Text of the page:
What Causes Nosebleeds In the Elderly
The older you are, the more likely you are to suffer nosebleeds. In fact, kids aged between 2 and 10 and adults aged 50+ experience them more frequently than any other age group, making for a frustrating, messy, and oftentimes frightening experience.
But why are nosebleeds in the elderly so common, what can you do to prevent them, and are they anything to worry about?
What Causes Nosebleeds in the Elderly?
Firstly, let’s quickly put your mind at ease: Just because you have your first nosebleed as a senior, doesn’t mean you instantly have something to worry about.
The potential causes are the same for you as they are for everyone else, and more often than not, they are completely harmless.
It’s scary to have your first nosebleed as an adult and it’s completely normal for your mind to jump to conclusions like cancer and other life-threatening conditions, but the odds are still very much in your favor.
So, before you panic, think about the following potential causes:
Many seniors retreat from active lifestyles and start spending more time indoors as they get older. They sit under the air conditioning or heating and are constantly surrounded by a dry and synthetic atmosphere.
This can have a detrimental effect on the nasal lining, making it dry, cracked, and exposed to ruptures.
Think about how dry and damaged your skin becomes during the winter months, and now imagine the same thing happening inside your nose, where you have fewer protective layers.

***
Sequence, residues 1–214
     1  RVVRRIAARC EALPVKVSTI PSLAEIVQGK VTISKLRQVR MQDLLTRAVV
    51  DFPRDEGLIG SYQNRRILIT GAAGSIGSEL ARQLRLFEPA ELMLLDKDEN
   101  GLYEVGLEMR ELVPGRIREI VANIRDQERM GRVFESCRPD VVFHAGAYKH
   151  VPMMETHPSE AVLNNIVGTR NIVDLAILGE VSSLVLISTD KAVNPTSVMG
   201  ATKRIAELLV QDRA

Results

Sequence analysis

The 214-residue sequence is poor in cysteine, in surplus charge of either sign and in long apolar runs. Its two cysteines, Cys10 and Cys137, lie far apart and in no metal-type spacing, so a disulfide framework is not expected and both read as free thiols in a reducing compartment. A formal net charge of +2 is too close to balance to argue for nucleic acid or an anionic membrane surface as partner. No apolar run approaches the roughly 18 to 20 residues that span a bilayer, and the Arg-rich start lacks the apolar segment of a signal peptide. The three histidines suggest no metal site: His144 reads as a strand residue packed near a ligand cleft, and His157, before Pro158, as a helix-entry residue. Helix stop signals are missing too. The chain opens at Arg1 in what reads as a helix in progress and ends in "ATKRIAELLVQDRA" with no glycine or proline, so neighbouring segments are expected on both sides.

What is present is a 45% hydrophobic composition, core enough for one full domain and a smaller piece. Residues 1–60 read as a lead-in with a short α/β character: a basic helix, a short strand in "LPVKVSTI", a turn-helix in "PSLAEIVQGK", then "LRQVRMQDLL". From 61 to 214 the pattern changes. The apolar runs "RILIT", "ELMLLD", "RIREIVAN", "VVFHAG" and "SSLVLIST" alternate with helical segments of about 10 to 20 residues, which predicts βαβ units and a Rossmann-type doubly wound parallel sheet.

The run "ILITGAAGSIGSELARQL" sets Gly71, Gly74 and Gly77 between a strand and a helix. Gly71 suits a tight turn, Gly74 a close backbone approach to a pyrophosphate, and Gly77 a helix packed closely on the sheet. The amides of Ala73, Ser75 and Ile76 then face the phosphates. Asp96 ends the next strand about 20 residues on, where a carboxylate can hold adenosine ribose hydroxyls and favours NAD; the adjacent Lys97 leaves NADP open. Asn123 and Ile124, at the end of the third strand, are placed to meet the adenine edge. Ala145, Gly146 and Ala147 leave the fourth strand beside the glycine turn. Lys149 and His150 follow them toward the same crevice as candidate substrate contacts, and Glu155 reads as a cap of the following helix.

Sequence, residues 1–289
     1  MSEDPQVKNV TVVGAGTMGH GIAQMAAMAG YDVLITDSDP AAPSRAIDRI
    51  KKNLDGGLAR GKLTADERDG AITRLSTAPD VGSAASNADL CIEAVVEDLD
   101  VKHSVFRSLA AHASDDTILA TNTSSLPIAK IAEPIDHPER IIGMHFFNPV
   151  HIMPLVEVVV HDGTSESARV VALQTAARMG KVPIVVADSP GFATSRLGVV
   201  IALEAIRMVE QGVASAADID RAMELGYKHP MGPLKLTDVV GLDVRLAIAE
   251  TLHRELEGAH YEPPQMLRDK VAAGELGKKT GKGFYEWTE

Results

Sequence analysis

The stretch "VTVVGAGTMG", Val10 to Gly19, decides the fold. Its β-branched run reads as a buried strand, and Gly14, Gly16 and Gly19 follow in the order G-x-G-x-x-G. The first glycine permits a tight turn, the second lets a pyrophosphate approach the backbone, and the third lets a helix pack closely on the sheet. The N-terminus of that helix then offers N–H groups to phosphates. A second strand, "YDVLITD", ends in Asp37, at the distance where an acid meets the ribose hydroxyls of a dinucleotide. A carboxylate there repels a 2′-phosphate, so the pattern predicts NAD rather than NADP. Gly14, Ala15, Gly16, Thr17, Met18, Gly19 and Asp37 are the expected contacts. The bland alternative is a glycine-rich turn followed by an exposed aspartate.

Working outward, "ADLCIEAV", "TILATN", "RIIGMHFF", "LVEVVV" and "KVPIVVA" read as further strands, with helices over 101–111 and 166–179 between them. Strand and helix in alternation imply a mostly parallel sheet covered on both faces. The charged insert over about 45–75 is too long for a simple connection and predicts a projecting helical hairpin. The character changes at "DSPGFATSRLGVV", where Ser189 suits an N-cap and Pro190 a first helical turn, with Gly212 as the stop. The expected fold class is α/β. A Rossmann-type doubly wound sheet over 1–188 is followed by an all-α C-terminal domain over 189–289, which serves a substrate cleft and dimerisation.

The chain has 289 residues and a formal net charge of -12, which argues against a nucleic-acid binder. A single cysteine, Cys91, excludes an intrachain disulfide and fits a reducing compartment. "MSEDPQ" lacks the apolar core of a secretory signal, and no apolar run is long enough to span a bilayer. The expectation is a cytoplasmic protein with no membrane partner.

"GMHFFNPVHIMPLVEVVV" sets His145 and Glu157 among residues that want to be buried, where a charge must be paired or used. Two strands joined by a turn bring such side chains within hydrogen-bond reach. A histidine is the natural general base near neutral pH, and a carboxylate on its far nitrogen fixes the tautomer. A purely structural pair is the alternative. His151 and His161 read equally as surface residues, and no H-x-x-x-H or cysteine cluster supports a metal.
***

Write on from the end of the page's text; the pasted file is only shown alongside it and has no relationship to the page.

Seniors are more likely to take medications that thin the blood, including aspirin and warfarin. These medications can trigger excessive nosebleeds and they may continue for more than 15 minutes, at which point you should seek emergency care.
Allergies and Infections
It’s rare for allergies to appear later in life and if you suffer from an issue now there’s a good chance that it existed before. However, such incidents are not unheard of and it’s possible to experience adult-onset allergies resulting from a change in your environment or your immune system.
Such allergies can make you more exposed to nosebleeds and these often occur indirectly. You may be sneezing more, blowing your nose more, or using sprays that irritate the lining of your nose.
The same is true for infections. Think about how many times you blow and wipe your nose when you have a head cold. If you reach a point where the outside of your nose is red raw and painful to the touch, imagine how much damage has been done on the inside!
You could be one sneeze, blow, or wipe away from a nosebleed and while this will feel much worse in the context of a cold or sinus infection, it’s usually brief and not serious.
As you age, your fingernails and toenails don’t regenerate as quickly as they once did. They become thick and brittle, turning them into lethal weapons when you start digging around in your nose.
It just takes one misplaced pick or jagged nail to scratch the delicate lining in your nose. There are lots of little blood vessels in there and they don’t have the protection afforded by the rest of your body, so they rupture and bleed quite easily.
Keep your nails trim and moist to reduce the risk of nosebleeds. You should also refrain from picking your nose whenever possible. Experts recommend using saline sprays, steam treatments, and humidifiers to keep your mucus moist and prevent the build-up of hard and pickable boogers.
We hate to end this article on such a disgusting mental image, but at least you now understand more about what causes nosebleeds in the elderly and how to avoid them!